On Thu, 15 Sep 2016 12:31:33 +1000
Dave Chinner <david(a)fromorbit.com> wrote:
On Wed, Sep 14, 2016 at 08:19:36PM +1000, Nicholas Piggin wrote:
> On Wed, 14 Sep 2016 17:39:02 +1000
> Dave Chinner <david(a)fromorbit.com> wrote:
> > Ok, looking back over your example, you seem to be suggesting a new
> > page fault behaviour is required from filesystems that has not been
> > described or explained, and that behaviour is triggered
> > (persistently) somehow from userspace. You've also suggested
> > filesystems store a persistent per-block "no fsync" flag
> > in their extent map as part of the implementation. Right?
> This is what we're talking about. Of course a filesystem can't just
> start supporting the feature without any changes.
Sure, but one first has to describe the feature desired before all
The DAX people have been. They want to be able to get mappings
that can be synced without doing fsync. The *exact* extent of
those capabilities and what the API exactly looks like is up for
parties can discuss it. We need more than vague references and
allusions from you to define the solution you are proposing.
Once everyone understands what is being describing, we might be able
to work out how it can be implemented in a simple, generic manner
rather than require every filesystem to change their on-disk
formats. IOWs, we need you to describe /details/ of semantics,
behaviour and data integrity constraints that are required, not
describe an implementation of something we have no knwoledge about.
Well you said it was impossible already and Christoph told them
they were smoking crack :)
Anyway, there's a few questions. Implementation and API. Some
filesystems may never cope with it. Of course it should be as
generic as possible though.
> > Reading between the lines, I'm guessing that the
"no fsync" flag has
> > very specific update semantics, constraints and requirements. Can
> > you outline how you expect this flag to be set and updated, how it's
> > used consistently between different applications (e.g. cp of a file
> > vs the app using the file), behavioural constraints it implies for
> > page faults vs non-mmap access to the data in the block, how
> > you'd expect filesystems to deal with things like a hole punch
> > landing in the middle of an extent marked with "no fsync", etc?
> Well that's what's being discussed. An approach close to what I did is
> to allow the app request a "no sync" type of mmap.
That's not an answer to the questions I asked about about the "no
sync" flag you were proposing. You've redirected to the a different
solution, one that ....
No sync flag would do the same thing exactly in terms of consistency.
It would just do the no-sync sequence by default rather than being
asked for it. More of an API detail than implementation.
> Filesystem will
> invalidate all such mappings before it does buffered IOs or hole punch,
> and will sync metadata after allocating a new block but before returning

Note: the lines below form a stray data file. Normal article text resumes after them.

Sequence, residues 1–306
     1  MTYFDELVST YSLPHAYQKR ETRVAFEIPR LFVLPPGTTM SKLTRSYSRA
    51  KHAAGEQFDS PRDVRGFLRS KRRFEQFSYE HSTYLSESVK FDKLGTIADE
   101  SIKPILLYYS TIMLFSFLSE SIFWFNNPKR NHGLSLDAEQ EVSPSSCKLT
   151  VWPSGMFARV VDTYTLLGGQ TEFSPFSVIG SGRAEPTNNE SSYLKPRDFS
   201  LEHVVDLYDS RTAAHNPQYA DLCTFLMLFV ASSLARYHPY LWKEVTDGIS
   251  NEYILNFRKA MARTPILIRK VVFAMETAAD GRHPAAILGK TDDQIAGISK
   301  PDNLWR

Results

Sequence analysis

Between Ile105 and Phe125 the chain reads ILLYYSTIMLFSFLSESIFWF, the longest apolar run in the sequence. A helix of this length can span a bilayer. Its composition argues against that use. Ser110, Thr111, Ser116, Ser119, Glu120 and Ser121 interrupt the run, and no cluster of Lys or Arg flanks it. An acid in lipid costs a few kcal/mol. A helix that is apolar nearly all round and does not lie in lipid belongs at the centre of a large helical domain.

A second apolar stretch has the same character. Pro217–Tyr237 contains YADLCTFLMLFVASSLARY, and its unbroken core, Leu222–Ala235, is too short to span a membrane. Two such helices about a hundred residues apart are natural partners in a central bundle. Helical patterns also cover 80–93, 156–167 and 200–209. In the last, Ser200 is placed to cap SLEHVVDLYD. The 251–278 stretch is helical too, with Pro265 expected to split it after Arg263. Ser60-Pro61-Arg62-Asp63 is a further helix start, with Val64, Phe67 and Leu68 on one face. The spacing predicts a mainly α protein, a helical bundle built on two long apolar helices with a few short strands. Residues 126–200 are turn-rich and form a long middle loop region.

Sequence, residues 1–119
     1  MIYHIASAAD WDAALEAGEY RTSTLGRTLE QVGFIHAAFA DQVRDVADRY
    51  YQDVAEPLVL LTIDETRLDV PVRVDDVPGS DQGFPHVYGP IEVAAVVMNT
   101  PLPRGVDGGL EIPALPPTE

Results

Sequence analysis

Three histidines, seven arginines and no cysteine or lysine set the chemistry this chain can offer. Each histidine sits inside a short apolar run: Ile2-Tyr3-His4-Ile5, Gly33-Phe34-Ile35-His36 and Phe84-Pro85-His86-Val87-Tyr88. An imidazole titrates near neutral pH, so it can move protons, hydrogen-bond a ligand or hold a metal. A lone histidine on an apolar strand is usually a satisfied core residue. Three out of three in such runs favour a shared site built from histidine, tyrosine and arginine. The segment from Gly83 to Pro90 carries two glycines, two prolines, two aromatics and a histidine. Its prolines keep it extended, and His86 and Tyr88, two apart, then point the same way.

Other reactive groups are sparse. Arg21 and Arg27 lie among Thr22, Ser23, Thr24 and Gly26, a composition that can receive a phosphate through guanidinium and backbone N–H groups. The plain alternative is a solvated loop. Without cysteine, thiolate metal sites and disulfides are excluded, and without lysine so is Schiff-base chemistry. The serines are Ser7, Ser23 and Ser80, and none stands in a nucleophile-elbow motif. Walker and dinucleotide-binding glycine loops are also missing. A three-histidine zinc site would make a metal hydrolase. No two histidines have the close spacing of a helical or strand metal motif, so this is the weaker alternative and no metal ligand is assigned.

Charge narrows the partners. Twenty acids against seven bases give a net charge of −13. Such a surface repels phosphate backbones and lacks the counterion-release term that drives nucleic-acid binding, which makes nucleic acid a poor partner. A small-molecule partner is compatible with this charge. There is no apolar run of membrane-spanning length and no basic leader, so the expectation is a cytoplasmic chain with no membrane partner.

> from a fault.
... requires synchronous metadata updates from page fault context,
which we already know is not a good solution. I'll quote one of
Christoph's previous replies to save me the trouble:
"You could write all metadata synchronously from the page
fault handler, but that's basically asking for all kinds of
So, let's redirect back to the "no sync" flag you were talking about
- can you answer the questions I asked above? It would be especially
important to highlight how the proposed feature would avoid requiring
synchronous metadata updates in page fault contexts....
Right. So what deadlocks are you concerned about?
There could be a scale of capabilities here, for different filesystems
that do things differently.
Some filesystems could require fsync for metadata, but allow fdatasync
to be skipped. Users would need to have some knowledge of block size
or do preallocation and sync.
That might put more burden on libraries/applications if there are
concurrent operations, but that might be something they can deal with
-- fdatasync already requires some knowledge of concurrent operations
(or lack thereof).
> > [snip]
> > > If there is any huge complexity or unsolved problem, it is in XFS.
> > > Conceptual problem is simple.
> > Play nice and be constructive, please?
> So you agree that the persistent memory people who have come with some
> requirements and ideas for an API should not be immediately shut down
> with bogus handwaving.
Pull your head in, Nick.
You've been absent from the community for the last 5 years. You
suddenly barge in with a massive chip on your shoulder and try to
I'm trying to give some constructive input to the nvdimm guys.
You and Christoph know a huge amount about vfs and filesystems.
But sometimes you shut people down prematurely. It can be very
intimidating for someone who might not know *exactly* what they
are asking for or have not considered some difficult locking case
in a filesystem. I'm sure it's not intentional, but that's how it
can come across.
That said, I don't want to derail their thread any further with
this. So I apologise for my tone to you, Dave.